By 1610 East India Company's ships were making regular voyages. Middleton in the Trade's Increase was tasked with establishing trade in Surat, western India. In November, they arrived at Socotra, an island east of the Horn of Africa. Here the crew were advised of better trading in Aden, part of the Ottoman Empire. Middleton left the Peppercorn, one of the three ships at Aden before sailing on to Mocha, Yemen.
As commander Middleton went ashore at Mocha and was greeted with great pomp by the Agha, but a week later the English were attacked and robbed by their hosts. Eight were killed and Middleton and seven others were chained up by the neck. Meanwhile his ship, The Darling successfully repelled three boatloads of soldiers. He escaped but found in Surat the company's representatives had been forced to abandon trading due to Portuguese pressure on the local authorities. He subsequently spent eighteen fruitless months trying to establish a new trading post.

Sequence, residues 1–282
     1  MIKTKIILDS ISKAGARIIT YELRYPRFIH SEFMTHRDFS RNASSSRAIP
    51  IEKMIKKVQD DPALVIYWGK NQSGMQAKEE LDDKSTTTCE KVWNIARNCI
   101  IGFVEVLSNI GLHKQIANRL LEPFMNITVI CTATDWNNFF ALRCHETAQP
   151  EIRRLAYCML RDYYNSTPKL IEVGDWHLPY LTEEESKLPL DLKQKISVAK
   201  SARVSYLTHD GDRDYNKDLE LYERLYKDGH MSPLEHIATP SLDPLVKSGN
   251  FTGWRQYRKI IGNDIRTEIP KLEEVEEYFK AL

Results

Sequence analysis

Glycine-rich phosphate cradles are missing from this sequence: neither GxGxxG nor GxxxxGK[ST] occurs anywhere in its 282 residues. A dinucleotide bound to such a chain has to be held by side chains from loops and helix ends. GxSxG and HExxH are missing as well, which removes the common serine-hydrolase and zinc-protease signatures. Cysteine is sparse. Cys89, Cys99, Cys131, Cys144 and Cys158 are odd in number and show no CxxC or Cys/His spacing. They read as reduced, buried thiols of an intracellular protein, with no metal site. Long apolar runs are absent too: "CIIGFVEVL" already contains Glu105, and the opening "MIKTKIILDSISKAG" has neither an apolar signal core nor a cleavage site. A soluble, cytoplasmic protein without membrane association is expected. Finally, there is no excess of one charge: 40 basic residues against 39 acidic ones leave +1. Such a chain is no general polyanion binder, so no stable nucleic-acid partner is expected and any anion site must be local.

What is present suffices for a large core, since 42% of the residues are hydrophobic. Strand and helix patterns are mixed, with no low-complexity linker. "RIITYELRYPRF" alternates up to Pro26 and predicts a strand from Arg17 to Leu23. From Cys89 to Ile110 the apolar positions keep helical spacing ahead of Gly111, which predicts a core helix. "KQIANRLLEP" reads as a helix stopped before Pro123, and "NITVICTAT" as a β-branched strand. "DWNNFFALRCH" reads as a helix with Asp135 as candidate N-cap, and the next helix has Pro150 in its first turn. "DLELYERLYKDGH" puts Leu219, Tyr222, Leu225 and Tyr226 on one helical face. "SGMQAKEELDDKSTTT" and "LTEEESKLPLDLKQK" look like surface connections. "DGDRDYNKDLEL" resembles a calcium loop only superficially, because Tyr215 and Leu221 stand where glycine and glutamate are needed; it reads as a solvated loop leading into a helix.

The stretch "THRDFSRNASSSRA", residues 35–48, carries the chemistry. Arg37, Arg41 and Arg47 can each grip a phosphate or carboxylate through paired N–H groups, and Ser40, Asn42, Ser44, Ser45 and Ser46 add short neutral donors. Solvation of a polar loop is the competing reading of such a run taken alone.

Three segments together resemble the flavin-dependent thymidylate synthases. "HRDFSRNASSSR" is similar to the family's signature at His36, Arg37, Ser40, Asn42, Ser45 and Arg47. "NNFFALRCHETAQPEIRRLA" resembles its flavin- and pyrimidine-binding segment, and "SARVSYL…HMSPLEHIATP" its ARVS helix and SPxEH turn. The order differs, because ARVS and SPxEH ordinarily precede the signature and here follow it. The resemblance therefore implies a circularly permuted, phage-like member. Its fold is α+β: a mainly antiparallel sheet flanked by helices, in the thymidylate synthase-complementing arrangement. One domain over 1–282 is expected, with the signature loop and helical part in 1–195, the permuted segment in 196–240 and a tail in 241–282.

- Margaret Makepeace, 'Middleton, Sir Henry (d. 1613)', Oxford Dictionary of National Biography, Oxford University Press, 2004; online edn, Jan 2008
- One or more of the preceding sentences incorporates text from a publication now in the public domain: "Middleton, David". Dictionary of National Biography. London: Smith, Elder & Co. 1885–1900.
- Ricklefs, M.C. (1991). A History of Modern Indonesia Since c.1300, 2nd Edition. London: MacMillan. p. 110. ISBN 0-333-57689-6.
- Corney, Bolton; Middleton, Sir Henry (1855). The voyage of Sir Henry Middleton to Bantam and the Maluco Islands; being the second voyage set forth by the governor and company of merchants of London trading into the East-Indies (1855 ed.). London: Hakluyt Society. pp. 1.
- Corney (1855), pp1–2.
- Corney (1855), pp2–3.
- Corney (1855), p3.
- Corney (1855), pp4–5.
- Corney (1855), p6.
- Corney (1855), pp6–7.
- Corney (1855), pp7–8.
- Corney (1855), p9.
- Corney (1855), pp9–10.
- Corney (1855), pp10–11.
- Corney (1855), p11.
- Corney (1855), p14.
- Corney (1855), p18.
- Corney (1855), pp19–23.
- Corney (1855), pp24–25.
- Corney (1855), p28.
- Corney (1855), pp29–33.
- Corney (1855), p33.
- Corney (1855), p34.
- Corney (1855), pp34–45
- Corney (1855), pp46–50.
- Corney (1855), pp50–56.
- Elizabeth Baigent, 'Downton, Nicholas (bap. 1561, d. 1615)', Oxford Dictionary of National Biography, Oxford University Press, 2004; online edn, Jan 2008